Kenda Creasy Dean is a United Methodist ordained elder and professor of youth, church and culture at Princeton Theological Seminary and the author of “Almost Christian: What the Faith of Our Teenagers Is Telling the American Church.”
In a recent blog, she suggested several questions those considering seminary should ask about prospective schools. One that particularly caught my attention was, “How will I be prepared for ‘the Church of 10 Years from Now’?”

The question caused me to stop and think about the kinds of competencies that ministers will need in order to be effective in the churches and ministries of 2022. Here are some suggestions.

  1. The minister of 2022 will need to not only understand the Bible but be able to see how it intersects with her or his own story and that of the people in the congregation.

    If one fails to make that connection, the biblical message is only a historic artifact of little importance. Creatively linking ancient and contemporary stories will require imagination and sensitivity.

  2. Our minister of the future will need to be able to see the theological implications in contemporary cultural expressions.

    As people read less, their worldview and values are molded by motion pictures, television and other forms of media.

    The minister must be not only familiar with these cultural expressions but be able to perceive and name the theological consequences of their content.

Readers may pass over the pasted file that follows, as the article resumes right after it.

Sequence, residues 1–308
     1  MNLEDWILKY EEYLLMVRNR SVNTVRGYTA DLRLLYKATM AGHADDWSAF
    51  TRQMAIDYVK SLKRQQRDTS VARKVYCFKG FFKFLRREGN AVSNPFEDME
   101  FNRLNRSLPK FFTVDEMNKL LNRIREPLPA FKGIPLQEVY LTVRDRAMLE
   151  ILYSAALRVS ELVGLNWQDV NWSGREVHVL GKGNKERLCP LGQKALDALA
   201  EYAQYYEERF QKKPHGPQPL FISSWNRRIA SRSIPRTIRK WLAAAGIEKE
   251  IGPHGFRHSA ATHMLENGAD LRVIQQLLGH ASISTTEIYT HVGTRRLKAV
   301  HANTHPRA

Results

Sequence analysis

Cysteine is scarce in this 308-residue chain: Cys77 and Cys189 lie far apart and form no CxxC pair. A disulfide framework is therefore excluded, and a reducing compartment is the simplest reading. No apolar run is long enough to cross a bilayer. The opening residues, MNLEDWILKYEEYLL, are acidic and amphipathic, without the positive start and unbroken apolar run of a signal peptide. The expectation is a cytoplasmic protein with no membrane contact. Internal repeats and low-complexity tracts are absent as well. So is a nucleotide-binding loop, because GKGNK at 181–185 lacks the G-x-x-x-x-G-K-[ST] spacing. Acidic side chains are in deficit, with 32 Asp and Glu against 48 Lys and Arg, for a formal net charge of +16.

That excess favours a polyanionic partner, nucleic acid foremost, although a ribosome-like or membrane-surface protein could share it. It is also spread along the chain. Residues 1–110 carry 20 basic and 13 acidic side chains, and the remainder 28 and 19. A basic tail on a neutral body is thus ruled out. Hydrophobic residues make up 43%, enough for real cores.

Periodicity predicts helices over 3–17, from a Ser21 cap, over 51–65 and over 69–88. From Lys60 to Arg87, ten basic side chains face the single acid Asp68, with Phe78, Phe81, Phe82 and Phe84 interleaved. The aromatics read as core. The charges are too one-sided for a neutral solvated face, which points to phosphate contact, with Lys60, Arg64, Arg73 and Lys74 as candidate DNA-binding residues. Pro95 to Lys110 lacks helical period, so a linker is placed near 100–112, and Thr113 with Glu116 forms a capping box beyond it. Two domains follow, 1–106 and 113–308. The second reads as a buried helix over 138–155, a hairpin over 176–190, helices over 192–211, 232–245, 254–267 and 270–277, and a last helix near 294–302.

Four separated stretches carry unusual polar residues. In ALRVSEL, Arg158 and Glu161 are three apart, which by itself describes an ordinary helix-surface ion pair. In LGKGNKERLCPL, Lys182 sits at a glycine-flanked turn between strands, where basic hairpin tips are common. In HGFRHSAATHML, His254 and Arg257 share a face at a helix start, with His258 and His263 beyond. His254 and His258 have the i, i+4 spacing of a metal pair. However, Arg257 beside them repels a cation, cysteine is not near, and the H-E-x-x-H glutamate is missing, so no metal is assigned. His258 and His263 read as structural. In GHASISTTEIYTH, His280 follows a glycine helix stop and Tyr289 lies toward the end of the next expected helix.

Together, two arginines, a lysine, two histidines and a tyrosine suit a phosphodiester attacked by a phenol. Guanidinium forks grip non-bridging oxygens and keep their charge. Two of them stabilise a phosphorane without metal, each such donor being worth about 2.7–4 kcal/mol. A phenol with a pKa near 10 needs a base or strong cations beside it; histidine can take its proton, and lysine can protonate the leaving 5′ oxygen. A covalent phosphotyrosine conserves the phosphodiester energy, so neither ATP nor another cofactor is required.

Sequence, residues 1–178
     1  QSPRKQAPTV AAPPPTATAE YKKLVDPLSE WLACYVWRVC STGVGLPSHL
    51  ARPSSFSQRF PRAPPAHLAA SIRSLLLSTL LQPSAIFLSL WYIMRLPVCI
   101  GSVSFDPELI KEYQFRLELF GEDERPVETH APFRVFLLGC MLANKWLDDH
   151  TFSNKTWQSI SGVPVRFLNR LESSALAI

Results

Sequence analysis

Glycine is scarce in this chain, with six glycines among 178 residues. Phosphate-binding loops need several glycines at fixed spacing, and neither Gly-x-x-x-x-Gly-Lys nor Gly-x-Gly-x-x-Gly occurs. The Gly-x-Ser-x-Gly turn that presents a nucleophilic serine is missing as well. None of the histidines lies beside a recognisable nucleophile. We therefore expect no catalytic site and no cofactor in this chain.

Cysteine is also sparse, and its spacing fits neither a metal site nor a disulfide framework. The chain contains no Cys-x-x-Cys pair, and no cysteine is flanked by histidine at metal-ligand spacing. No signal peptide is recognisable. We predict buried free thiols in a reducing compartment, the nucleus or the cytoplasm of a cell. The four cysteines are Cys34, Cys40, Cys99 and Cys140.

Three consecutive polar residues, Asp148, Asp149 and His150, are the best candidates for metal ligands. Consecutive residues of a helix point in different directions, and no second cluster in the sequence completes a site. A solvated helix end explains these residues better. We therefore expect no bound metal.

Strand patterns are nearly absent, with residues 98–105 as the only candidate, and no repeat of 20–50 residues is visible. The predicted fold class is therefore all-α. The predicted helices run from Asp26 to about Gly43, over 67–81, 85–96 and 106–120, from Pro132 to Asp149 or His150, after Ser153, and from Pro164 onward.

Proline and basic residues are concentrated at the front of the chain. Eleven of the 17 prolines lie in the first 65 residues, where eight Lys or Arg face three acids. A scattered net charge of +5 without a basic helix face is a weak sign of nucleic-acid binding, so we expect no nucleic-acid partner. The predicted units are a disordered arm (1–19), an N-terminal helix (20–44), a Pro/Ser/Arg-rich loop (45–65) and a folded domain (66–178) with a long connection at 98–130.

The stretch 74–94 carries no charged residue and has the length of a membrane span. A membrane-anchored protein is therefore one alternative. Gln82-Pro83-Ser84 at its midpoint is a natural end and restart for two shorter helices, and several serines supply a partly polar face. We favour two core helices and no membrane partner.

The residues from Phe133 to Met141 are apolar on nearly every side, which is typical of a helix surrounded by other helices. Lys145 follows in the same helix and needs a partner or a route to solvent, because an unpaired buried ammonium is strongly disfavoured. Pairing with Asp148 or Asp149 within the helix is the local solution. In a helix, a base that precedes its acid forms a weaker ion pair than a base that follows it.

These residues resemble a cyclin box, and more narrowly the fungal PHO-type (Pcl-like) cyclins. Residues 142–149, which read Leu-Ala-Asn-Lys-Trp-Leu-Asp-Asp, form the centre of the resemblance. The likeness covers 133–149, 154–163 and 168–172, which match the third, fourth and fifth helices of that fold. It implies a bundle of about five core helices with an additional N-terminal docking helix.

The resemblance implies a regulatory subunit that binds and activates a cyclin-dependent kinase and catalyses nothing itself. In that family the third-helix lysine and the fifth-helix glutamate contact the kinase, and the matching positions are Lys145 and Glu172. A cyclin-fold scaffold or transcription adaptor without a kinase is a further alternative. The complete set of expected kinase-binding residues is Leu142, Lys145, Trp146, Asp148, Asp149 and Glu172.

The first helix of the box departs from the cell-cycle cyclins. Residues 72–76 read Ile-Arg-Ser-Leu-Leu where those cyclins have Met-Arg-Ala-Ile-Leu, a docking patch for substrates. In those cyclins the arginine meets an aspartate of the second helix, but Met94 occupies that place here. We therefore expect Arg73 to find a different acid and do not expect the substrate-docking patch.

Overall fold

3. A person who wants to be an effective minister in the future will have to be proficient in not only cross-cultural communication but interfaith dialogue as well.

    Our churches are already faced with a complex and rich ethnic landscape, but we must have the tools to enter into meaningful discussion with other faith traditions and skills to work together in our communities.

  4. The minister of the future will need to know and appreciate the challenges of the workplace.

    If the minister does not understand the environment in which church members spend the majority of their time, he or she will not be effective in relation to them. 

In fact, the most effective minister of the future may well be bivocational or an entrepreneur who is doing ministry outside the walls of the church.

Some of these competencies can be developed through a seminary experience but some cannot. 

Because of this, theological institutions must be open to creative partnerships and alliances not only with churches but education institutions, businesses and nonprofit organizations.

The resources for developing the skilled minister of 2022 will not be found only within the seminary.

Ircel Harrison lives in Murfreesboro, Tenn. He is coaching coordinator for Pinnacle Leadership Associates and adjunct professor in ministry praxis at Central Baptist Theological Seminary. He blogs at

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